37 Additional Promises of CT - Prognostic Benefits 1. negative CT – “clean bill” for several years - decrease of subsequent testing in repeated presenters 2. CT - new non-obstructive disease – initiation of secondary prevention

38 Lehman et al. American Journal of Medicine 2009 Incidental findings by CT

39 Definite alternative diagnosis: 1.3% pneumonia (n=3), pneumothorax (n=1), and gallstones in a patient with cholecystitis (n 1). Possible alternative diagnosis: 4.1% No PE, AD hiatus hernia (n=12), thoracic aortic aneurysm (n=3), sinus of Valsalva aneurysm (n=1) Subsequent diagnostic testing in 20.5% of patients, with 65/81 for noncalcified nodules Within 6 months, 3 patients underwent biopsies with 2 of the lesions diagnosed as cancer. Lehman et al. American Journal of Medicine 2009 ROMICAT I – Incidental Findings by CT

40 - CT STAT (16 centers, 700 patients, PI Gil Raff) - CT vs. MPI in low risk patients - sponsor: Bayer Healthcare - ACRIN (4 centers, 1300 patients, PI Harold Litt) - CT vs. SOC in low risk patients - sponsor: ACRIN - ROMICAT II (7 centers, 1000 patients, PI Udo Hoffmann) - CT vs. SOC in intermediate risk patients - sponsor: NHLBI Outcomes: low health effect size, cost driven, potentially MACE over two years in intermediate risk Randomized Trials

41 James Goldstein, M.D., Kavitha Chinnaiyan, M.D., Daniel Berman, M.D., Udo Hoffmann, M.D., Stephan Achenbach, M.D., Leslee Shaw, Ph.D., Aiden Abidov, M.D., Ph.D., Brian O'Neill, M.D., John Lesser, M.D., Issam Mikati, M.D., Uma Valeti, M.D., Michael Shen, M.D., and Gilbert Raff, M.D., for the CT-STAT investigators CT –STAT Multi-center Prospective Randomized design 15 sites experienced with CCTA 750 “Low-risk” acute CP patients (TIMI Risk score<4, Initial ECG & Enzymes Normal)

42 CT STAT - OBJECTIVES Primary outcome: Diagnostic efficiency - Time-to-diagnosis & cost-to-diagnosis Secondary outcome: Safety - MACE over 6-months

43 CLINICAL DECISION ALGORITHM CCTA Arm Stenoses 0-25%  D/C Stenoses >70%  ICA Stenosis 26-70%, CAC >100 Agatston units, or uninterp scans  MPI SOC ARM Nl serial ECGs cardiac biomarkers and MPI  D/C Abnormal ECG, biomarkers and/or MPI  ICA

44 CLINICAL OUTCOMES: CCTA No stenosis 297/361 (82.3%) pts significant stenosis in 27 (7.5%) pts Moderate stenosis in 23 (7%) pts CTA uninterpretable in 14 (3.9%) pts MPI in 37 patients ICA in 24, revasc in 13 (9 PCI, 4 CABG) No ACS in patients in whom CCTA excluded stenoses

45 CLINICAL OUTCOMES: SOC CCTA in 8 patients ICA in 21 patients (8 PCI, no CABG)

46 CLINICAL OUTCOMES: CCTA vs SOC ICA during index visit (CCTA = 5.1%, SOC = 4.6%, p = NS). ACS (CCTA = 3.2%, SOC = 3%, p = NS).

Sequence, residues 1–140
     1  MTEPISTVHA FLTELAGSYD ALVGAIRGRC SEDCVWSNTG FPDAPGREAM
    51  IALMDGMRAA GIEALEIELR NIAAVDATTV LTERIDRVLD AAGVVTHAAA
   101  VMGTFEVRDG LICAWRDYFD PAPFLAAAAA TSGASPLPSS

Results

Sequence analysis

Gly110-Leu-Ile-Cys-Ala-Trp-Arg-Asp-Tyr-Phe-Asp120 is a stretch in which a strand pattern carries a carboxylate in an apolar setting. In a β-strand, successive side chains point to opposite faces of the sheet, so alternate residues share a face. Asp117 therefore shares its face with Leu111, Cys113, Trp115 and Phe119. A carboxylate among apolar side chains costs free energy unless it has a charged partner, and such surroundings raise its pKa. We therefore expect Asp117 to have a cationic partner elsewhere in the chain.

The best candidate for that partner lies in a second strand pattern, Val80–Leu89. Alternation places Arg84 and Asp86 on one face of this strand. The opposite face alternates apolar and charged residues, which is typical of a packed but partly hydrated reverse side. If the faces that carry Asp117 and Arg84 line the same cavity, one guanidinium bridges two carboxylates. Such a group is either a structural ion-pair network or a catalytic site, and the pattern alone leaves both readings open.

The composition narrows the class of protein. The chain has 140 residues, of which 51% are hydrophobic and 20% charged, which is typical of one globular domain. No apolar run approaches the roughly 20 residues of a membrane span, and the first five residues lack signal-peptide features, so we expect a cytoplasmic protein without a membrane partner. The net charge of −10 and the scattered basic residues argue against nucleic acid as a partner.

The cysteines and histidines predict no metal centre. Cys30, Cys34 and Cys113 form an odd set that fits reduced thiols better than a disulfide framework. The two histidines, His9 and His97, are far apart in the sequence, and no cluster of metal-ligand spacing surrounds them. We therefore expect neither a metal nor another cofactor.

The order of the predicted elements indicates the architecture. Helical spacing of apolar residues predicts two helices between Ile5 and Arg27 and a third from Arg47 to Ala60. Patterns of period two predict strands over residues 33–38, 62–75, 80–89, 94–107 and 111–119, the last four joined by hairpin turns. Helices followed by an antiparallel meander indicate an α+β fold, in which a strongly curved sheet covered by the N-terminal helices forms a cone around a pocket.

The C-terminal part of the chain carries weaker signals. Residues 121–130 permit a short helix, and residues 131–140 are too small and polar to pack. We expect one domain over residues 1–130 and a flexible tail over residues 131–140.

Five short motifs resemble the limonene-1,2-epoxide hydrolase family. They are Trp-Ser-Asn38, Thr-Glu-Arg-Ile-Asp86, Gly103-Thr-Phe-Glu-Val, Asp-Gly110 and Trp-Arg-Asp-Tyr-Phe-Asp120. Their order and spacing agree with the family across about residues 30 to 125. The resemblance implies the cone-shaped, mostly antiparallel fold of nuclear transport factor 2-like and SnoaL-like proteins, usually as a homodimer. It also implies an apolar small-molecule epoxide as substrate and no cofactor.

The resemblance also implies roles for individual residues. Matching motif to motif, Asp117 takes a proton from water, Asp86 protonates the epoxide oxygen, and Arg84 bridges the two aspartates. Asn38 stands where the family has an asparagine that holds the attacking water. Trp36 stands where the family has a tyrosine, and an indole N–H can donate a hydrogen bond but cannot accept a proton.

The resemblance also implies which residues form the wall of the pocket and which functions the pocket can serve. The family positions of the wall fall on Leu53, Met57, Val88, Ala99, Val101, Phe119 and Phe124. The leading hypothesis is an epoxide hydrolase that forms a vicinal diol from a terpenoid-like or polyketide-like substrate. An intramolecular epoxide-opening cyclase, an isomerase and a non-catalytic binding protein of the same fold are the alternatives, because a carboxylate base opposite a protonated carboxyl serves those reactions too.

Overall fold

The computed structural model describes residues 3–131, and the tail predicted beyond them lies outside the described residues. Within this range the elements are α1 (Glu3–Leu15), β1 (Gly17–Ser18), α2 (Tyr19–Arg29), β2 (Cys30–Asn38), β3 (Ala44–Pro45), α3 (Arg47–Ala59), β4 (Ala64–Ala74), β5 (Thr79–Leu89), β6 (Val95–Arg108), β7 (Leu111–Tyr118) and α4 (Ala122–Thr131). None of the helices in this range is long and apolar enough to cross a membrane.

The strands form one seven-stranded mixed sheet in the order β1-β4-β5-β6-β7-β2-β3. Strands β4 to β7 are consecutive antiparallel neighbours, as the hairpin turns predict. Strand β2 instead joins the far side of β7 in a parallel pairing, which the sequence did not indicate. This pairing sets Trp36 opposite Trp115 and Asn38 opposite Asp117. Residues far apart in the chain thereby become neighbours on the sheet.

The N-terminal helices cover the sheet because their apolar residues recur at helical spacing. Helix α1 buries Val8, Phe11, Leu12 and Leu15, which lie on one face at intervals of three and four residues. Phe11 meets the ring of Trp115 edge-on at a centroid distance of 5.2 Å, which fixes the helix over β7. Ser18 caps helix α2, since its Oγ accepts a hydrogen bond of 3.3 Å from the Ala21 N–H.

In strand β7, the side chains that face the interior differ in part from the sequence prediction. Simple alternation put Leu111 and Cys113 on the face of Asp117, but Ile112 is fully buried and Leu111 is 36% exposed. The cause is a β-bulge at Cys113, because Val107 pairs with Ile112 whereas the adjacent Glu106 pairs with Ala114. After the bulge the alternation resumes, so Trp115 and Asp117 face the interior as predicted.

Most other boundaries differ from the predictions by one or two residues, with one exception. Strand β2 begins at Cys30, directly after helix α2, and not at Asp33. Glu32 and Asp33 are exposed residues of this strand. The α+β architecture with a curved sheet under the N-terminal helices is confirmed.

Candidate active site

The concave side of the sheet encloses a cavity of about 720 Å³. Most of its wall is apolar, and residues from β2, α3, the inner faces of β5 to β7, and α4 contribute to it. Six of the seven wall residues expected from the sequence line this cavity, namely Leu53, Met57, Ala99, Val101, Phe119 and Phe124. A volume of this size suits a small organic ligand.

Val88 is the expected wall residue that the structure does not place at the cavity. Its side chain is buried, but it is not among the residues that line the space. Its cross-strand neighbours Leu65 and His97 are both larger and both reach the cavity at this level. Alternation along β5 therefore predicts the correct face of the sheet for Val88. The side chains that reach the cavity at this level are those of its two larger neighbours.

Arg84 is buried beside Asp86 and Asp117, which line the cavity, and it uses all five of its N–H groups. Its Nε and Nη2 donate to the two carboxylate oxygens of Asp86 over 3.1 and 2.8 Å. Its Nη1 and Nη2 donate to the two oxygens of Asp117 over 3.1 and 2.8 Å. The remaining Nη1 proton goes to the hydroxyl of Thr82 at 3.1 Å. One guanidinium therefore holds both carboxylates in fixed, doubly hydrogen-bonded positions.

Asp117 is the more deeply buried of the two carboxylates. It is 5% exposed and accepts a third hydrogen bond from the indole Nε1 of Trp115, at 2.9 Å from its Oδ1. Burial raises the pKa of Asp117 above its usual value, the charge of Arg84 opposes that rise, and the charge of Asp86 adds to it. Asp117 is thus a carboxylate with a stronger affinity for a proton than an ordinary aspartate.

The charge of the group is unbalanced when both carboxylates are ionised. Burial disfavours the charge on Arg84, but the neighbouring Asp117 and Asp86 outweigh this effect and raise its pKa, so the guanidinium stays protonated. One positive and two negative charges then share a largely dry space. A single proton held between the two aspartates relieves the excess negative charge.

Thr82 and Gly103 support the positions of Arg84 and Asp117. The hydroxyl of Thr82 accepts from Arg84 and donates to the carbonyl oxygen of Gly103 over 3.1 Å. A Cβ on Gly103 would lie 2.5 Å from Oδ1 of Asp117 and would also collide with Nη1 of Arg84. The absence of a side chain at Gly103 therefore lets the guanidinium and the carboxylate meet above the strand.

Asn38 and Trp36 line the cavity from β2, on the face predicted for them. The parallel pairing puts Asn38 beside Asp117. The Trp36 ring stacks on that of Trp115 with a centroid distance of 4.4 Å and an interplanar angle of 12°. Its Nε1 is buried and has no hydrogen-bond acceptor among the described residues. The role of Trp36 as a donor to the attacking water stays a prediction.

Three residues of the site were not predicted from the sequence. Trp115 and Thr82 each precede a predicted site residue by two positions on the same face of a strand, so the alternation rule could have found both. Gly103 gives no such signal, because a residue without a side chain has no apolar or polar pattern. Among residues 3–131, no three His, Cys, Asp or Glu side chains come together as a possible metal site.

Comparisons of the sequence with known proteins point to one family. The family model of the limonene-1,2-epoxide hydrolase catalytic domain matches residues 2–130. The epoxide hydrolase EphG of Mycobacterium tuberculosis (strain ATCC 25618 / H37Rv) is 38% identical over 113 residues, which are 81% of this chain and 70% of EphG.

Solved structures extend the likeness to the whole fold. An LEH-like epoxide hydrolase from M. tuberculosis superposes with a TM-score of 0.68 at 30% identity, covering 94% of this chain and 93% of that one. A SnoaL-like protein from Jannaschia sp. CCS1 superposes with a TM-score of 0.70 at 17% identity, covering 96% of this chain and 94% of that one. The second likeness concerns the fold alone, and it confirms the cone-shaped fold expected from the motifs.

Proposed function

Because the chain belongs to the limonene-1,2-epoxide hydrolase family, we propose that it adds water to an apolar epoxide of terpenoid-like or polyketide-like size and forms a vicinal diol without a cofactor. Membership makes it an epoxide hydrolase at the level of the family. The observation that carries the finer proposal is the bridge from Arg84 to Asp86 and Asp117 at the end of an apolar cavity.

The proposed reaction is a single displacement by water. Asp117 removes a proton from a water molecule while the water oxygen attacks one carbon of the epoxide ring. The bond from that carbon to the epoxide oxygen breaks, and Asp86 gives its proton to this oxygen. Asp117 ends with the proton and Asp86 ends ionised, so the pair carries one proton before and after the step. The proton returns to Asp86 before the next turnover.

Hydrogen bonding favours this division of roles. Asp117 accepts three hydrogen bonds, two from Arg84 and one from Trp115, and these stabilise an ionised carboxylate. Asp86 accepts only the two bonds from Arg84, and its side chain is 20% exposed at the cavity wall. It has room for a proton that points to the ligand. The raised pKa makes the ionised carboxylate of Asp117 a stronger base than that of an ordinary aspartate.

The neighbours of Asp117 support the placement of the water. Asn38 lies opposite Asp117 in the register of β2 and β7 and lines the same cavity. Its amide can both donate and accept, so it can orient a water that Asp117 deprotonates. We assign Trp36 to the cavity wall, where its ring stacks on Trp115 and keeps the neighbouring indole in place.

47 TIME-TO-DIAGNOSIS CCTA Reduced Time by 54%, p=0.0001

48 COSTS-TO-DIAGNOSIS CCTA Reduced Costs by 38%, p=0.0001

49 CONCLUSIONS Low risk population – 3% ACS, 86% without significant CAD Time-to-diagnosis decreased by half, due to more rapid facilitation in testing Cost-to-diagnosis decreased by one-third, primarily due to expedited time-to- diagnosis and reduced length of stay

50 50 Overview of ROMICAT II Randomized controlled diagnostic multi center (n=7) trial, including 1000 subjects with acute chest pain and low to intermediate likelihood of ACS Primary Aim: To demonstrate that including cardiac CT into the early assessment of patients with ACP improves the efficiency of patient management.

51 51 Study Design * Defined as chest pain suspicious for ACS + inconclusive ECG. ** Hospital Length of Stay in discharged subjects is equal to time spent in the ED.

52 52 Study Organization

53 53 Timeline 09/09-01/10 Pre-enrollment period 01/10-05/11 Enrollment period 06/11-01/12 Follow-up and final database 02/12-12/12 Data analysis 01/13-09/13 Cost and cost effectiveness

54 Ancillary Studies Funded by ACRIN serial hs- troponin measurements – correlation with diagnostic testing and clinical outcomes* One and two year phone call follow- up to determine occurrence of MACE and health care utilization 54 *As part of the site survey, biomarker storage and handling capability information will be collected.

55 PROMISE

56

57 Cardiac CT researched in very low to low risk patient populations Benefits through high sensitivity but adverse effects in patients who may not need CT not sufficiently clarified Major change of ED setup and organization necessary to use CT optimally Conclusions

58 Thank you! MGH Cardiac MR PET CT Program Fabian Moselewski, Ian Rogers, Quynh Truong, Michael Shapiro, Sujith Seneviratne, John Nichols, Christopher Schlett, Sam Lehman, Maros Ferencik, Suhny Abbara, Ricardo C. Cury, Thomas J. Brady, Javed Butler, Nina Dannemann, Ron Blankstein, Khuram Nasir Department of Emergency Medicine John T. Nagurney, David F.M. Brown, Blair Parry Cardiology Division Claudia U. Chae, Ik Kyung Jang, Rob Gerszten Harvard Public School of Health Scott Gazelle, Joseph Ladapo, Milton Weinstein